How can soakaways improve your home’s land drainage?

drainage

If you’re looking to improve your home’s ability to deal with flooding and waterlogging, then a soakaway could be the perfect choice for you. Soakaways can help to eliminate a wide range of water-related problems in your garden, including some issues relating to blocked drains. Giving your property a high-performing water removal solution to prevent flooding can be essential when it comes to preventing long-term damage.

There’s a variety of treatments available for your home to help control and remove unwanted water, particularly as the result of heavy rainfall or blocked drains. Soakaways offer a low environmental impact to the site without compromising in terms of service.

What is a Soakaway?

Essentially, a garden soakaway is a hole that is dug into the ground. This hole is then filled with coarse stone and rubble, rather than soil. Thanks to this garden feature, you can allow surface water to seep back into the earth much more effectively than it can through soil. This is due to the gaps in the stone being much larger than the pores in soil, especially if it has become compacted or heavy over years of use. That means the water can easily flow away from your garden and move deeper into the earth.

Soakaways are an important part of a comprehensive drainage system. In fact, there is usually a land drainage pipe leading directly into the soakaway to facilitate to movement of water across your property. Unfortunately, that means there is still the risk of blocked drains compromising the reliable service of this garden feature.

These garden features rely on natural materials. There is also no need for any kind of chemical processing or treatment of the water – it is simply collected and allowed to move deeper through the earth.

Can a Soakaway Really Improve my Garden Space?

If your home regularly suffers from standing or still water, or if the grass/soil often becomes waterlogged, then a soakaway could be the perfect choice for you. If this water is left where it is, it could lead to a range of potential water damages to your entire property.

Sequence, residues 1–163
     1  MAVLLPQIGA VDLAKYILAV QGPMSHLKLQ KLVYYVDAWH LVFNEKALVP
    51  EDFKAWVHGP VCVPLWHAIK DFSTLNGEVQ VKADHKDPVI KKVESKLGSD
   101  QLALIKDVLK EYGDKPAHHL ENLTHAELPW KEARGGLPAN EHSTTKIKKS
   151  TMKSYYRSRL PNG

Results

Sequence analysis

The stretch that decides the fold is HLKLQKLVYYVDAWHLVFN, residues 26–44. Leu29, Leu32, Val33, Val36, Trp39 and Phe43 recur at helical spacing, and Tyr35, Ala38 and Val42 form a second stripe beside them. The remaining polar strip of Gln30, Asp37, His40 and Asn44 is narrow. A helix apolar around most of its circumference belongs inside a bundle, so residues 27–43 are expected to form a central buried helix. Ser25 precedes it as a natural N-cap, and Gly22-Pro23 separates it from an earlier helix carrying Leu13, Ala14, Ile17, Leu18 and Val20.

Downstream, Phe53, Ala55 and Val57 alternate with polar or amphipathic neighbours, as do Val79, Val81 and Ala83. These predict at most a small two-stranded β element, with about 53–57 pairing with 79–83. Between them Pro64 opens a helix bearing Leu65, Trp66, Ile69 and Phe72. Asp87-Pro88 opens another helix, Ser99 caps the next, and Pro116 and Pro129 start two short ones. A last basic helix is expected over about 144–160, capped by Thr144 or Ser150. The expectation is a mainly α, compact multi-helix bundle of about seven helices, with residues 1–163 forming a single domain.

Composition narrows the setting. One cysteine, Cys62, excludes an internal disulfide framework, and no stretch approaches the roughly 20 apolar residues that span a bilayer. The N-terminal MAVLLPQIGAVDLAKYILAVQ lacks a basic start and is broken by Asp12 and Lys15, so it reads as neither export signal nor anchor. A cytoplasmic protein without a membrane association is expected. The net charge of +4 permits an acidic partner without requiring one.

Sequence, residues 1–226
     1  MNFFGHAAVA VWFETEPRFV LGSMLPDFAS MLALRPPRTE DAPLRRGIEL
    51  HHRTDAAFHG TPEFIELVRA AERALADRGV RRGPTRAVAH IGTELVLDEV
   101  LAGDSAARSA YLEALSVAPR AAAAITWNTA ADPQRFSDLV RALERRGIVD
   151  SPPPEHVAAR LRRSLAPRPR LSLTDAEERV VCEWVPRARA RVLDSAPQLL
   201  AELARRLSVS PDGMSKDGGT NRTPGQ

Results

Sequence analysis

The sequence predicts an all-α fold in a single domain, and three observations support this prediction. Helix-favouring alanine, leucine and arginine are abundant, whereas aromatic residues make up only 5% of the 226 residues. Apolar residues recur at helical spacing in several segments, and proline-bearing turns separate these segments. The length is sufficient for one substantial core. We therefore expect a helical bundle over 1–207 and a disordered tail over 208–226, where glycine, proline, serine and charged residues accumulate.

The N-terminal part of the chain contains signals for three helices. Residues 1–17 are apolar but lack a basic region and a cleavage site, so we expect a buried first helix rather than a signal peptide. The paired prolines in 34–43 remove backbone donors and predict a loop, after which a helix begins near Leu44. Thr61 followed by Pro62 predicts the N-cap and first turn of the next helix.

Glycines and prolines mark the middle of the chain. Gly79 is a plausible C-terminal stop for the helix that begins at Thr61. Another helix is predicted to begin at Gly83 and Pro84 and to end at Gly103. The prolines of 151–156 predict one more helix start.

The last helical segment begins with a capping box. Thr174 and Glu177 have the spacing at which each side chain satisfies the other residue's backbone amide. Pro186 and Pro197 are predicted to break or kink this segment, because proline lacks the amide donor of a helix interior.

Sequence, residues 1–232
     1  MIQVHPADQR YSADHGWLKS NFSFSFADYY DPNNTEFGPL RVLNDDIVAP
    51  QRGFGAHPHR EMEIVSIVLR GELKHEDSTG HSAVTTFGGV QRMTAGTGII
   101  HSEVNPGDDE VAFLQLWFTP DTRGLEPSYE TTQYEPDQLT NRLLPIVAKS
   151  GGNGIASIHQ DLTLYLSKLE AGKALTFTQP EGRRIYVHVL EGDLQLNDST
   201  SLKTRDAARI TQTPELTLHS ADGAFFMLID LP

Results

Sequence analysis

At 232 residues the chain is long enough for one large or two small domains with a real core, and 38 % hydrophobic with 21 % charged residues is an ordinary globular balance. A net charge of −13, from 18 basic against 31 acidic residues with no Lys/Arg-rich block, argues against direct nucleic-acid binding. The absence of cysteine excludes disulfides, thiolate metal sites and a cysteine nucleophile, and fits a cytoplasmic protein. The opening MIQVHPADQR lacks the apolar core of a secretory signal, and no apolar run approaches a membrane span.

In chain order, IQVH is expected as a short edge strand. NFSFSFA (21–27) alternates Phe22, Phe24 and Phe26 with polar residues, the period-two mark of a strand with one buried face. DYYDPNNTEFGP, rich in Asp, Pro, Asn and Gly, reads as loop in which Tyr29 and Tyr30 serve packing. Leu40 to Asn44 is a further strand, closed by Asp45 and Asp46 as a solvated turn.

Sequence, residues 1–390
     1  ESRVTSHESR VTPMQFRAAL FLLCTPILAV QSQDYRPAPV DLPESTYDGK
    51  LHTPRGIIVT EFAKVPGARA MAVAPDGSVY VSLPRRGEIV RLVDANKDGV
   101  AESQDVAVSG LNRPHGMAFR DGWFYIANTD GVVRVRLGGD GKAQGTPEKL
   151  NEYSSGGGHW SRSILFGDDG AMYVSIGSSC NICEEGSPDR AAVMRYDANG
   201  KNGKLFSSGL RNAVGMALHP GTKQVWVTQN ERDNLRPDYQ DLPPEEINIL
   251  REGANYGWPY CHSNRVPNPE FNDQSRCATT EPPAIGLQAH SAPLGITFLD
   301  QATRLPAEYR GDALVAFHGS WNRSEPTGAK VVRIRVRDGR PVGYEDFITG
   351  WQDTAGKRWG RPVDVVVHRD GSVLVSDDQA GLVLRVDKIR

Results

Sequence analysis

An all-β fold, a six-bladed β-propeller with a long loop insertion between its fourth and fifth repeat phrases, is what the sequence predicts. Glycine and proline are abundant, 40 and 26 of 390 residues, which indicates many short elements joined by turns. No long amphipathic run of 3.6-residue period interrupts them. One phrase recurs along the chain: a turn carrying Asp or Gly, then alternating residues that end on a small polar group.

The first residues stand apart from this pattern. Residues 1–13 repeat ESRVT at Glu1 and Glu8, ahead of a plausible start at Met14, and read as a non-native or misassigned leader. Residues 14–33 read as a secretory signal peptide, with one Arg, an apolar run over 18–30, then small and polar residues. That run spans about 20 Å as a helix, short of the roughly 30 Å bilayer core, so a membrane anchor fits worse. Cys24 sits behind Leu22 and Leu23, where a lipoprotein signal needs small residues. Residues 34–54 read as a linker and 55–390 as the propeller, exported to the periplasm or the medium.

This can be particularly damaging if the water reaches the foundation or other underground features of your home. Over time, they can become warped or shift in place, leading to extensive property damage.

Soakaways are also a great way to reduce stress on other drainage systems. They can help to reduce the impact that blocked drains can have on your home and garden.

Do I have the Right Soil for Soakaways?

The composition of your soil can influence the impact of your soakaway. For example, your garden soil needs to be granular to provide great drainage. Unfortunately, if your garden is situated on clay or heavy soil, then these choices are ineffective. After all, the water will have nowhere to go, and you’ll end up with an extremely small swimming pool rather than a drainage solution.

How Big Does the Soakaway Need to Be?

To provide any real benefits, your soakaway needs to be at least one cubic metre. It should also be below the feeder pipe from elsewhere on the property. However, if your property is suffering from a great deal of waterlogging or standing water, then you may need to make the soakaway much larger. If you are unsure, it’s best to consult a professional for proper drainage installation advice.

However, it doesn’t matter how large your soakaway is if you don’t have the right pipes sending water to it. Ideally, these drainage pipes need to be at least 75mm in diameter, but larger pipes are recommended. If these pipes are too small, it is easy for them to become another example of blocked drains, which could lead to even worse flooding of your property.

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